Sunday, 12 April 2015

The lovely view that nearly vanished

It's one of the loveliest views in Britain, yet it might have disappeared. In 1923 Warrington Corporation proposed flooding a huge area of the Ceiriog Valley to create two reservoirs. Objectors complained that the purpose of this act of what now seems wanton vandalism, was to provide water for Warrington's brewing industry. A slogan of the time ran: “The English want to take the W out of Wales to make ales”.

Protest, led in Parliament by Lloyd George, prevailed. Reference to the Prime Minister nicknamed the Welsh Goat because of his womanising still arouses contradictory passions, not least because of his admiration of Hitler in the 1930s,. But there is no belittling the achievements that offset his pecadillos. As those successes went, doing down the brewers might not have ranked with the introduction of old age pensions or winning the Great War, but to those who take the tortuous road to Llanarmon it may seem a major reason to wipe off the black marks.

It is so much not the buildings of  Llanarmon Dyffryn Ceiriog (or Llanarmon  DC – to use the commonly applied, part abbreviation) that appeal, though the opposition of its two inns,  at a big open crossroads beyond a bridge over the river, is attractive enough. It's the setting that keeping drawing me you back. The village sits in an amphitheatre of soft green, sheep loud  hills at the foot of the Berwyn mountains. It lies on an old route used by drovers to take livestock from Anglesey to markets in the Borders and further, to London. Though its church was rebuilt in the Victorian era it replaced a much older one, constructed in the ninth century and perhaps founded 400 years before than. In the churchyard there are great yew trees, one over 1000 years old. The poet John Ceiriog Hughes, sometimes called the Welsh Robert Burns, was born at Penybryn farm, overlooking the village and the place has long attracted other writers, and artists.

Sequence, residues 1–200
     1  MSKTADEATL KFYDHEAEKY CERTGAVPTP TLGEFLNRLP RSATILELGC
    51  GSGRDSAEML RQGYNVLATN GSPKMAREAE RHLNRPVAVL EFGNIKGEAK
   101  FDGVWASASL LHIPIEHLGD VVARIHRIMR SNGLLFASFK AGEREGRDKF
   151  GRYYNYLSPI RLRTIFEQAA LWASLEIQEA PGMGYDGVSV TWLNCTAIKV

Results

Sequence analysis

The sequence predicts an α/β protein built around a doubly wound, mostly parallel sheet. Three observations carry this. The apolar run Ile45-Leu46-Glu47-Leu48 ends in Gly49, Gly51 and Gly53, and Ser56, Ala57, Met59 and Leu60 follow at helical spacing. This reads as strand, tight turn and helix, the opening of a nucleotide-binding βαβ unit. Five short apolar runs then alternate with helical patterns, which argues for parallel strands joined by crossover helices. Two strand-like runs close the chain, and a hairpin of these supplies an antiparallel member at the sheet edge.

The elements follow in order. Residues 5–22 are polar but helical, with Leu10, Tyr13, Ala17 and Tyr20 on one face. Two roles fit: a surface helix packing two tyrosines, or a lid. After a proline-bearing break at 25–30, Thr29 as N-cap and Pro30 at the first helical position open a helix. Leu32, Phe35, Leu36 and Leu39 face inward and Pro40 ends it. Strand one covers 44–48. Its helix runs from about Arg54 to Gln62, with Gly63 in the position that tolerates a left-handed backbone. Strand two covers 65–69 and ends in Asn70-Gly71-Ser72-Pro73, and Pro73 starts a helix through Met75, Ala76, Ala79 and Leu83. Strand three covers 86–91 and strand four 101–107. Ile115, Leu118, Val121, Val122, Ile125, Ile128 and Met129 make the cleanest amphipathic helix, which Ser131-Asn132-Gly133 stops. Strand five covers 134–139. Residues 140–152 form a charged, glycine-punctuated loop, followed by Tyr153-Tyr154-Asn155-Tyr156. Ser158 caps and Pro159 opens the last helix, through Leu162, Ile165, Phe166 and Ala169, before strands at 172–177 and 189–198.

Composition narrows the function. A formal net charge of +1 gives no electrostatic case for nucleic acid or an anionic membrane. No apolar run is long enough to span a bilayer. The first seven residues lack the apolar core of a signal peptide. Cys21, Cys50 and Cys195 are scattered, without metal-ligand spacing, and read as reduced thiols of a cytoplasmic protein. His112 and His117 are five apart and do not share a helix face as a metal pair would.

This is wonderful walking country, its footpaths generally less crowded than the mountains of neighbouring Snowdonia. In late summer you may find bilberries (more usually called whinberries in these parts) on the higher ground. 

If you are unfortunate you might encounter an inclement blast which sometimes chills the marrow on these uplands. It is known in Welsh as Gwynt Traed y Meirw – the wind from the feet of the dead. While walking here once in midsummer I  wished I had brought gloves. Henry II suffered such weather when leading his troops here in a campaign against the uppity inhabitants. Among his ranks were Gascons, more used to the balmy weather of southern France. One can only imagine their reaction as they trudged away from  ignominious defeat in the teeth of this bitter wind.

This time, however, we were greeted by a perfect morning. Our spirits soared as we climbed from our hotel, passing close to traces of what may have been a hafod, a summer residence where sheep farmers would live after driving their le herds to higher grassland in summer in the same transhumance now more readily associated with the European mountains of the European mainland. The uphill grind was made worthwhile by the long walk along the grassy ridge of Cefn-Hir-fynydd that followed, with marvellous views of green hillsides across the Ceiriog Valley, knowing that while we walked in sweet solitude, the town of Llangollen, rarely free of the tourist throng, lay just beyond the far skyline.

Another interesting route saw us climb steeply from the village of Pontfadog, a short drive east. A small waiting room survives there, relic of the narrow gauge railway which once ran along the valley to carry slate and dolerite to Chirk, first in horse drawn wagons to the canal, then by steam hauled train to meet the Great Western Railway. A group of enthusiasts is attempting to revive it.

Llanarmon's two inns, are the The Hand and the West Arms, in a comfortable, sprucely decorated room looking out onto the hillside. The cooking at both is good. When I last stayed at the Hand I was told the only dish not entirely home made was the steak and ale pie. This came from McCardle's, a butcher's shop in Chirk. Must be some pie, I thought as I picked it from the menu, And so it was. Desperate Dan would have struggled to finish it. We headed of he shop on the way home and bought a couple - along with some Welsh lamb. You'll probably find Welsh lamb - unrivalled to my taste - at the West Arms, perhaps accompanied  by figs glazed with local honey.

Many travellers, I suspect, make it only as far as Chirk Castle, 700 years old marcher fortress from the reign of Edward I with its stunning gardens and parkland and astonishingly intricate, seventeenth century wrought iron gates. The road further west to Llanarmon may seem a road to nowhere in particular. Mistake. During the campaign to save the Ceiriog Valleyit from the brewing magnates Lloyd George described it “a little bit of heaven on earth”. It still is.

Tip: Kittiwake Books publishes excellent guides to walking in Wales, including Walks around the Berwyn Mountains and the Ceiriog Valley (£4.95)

No comments: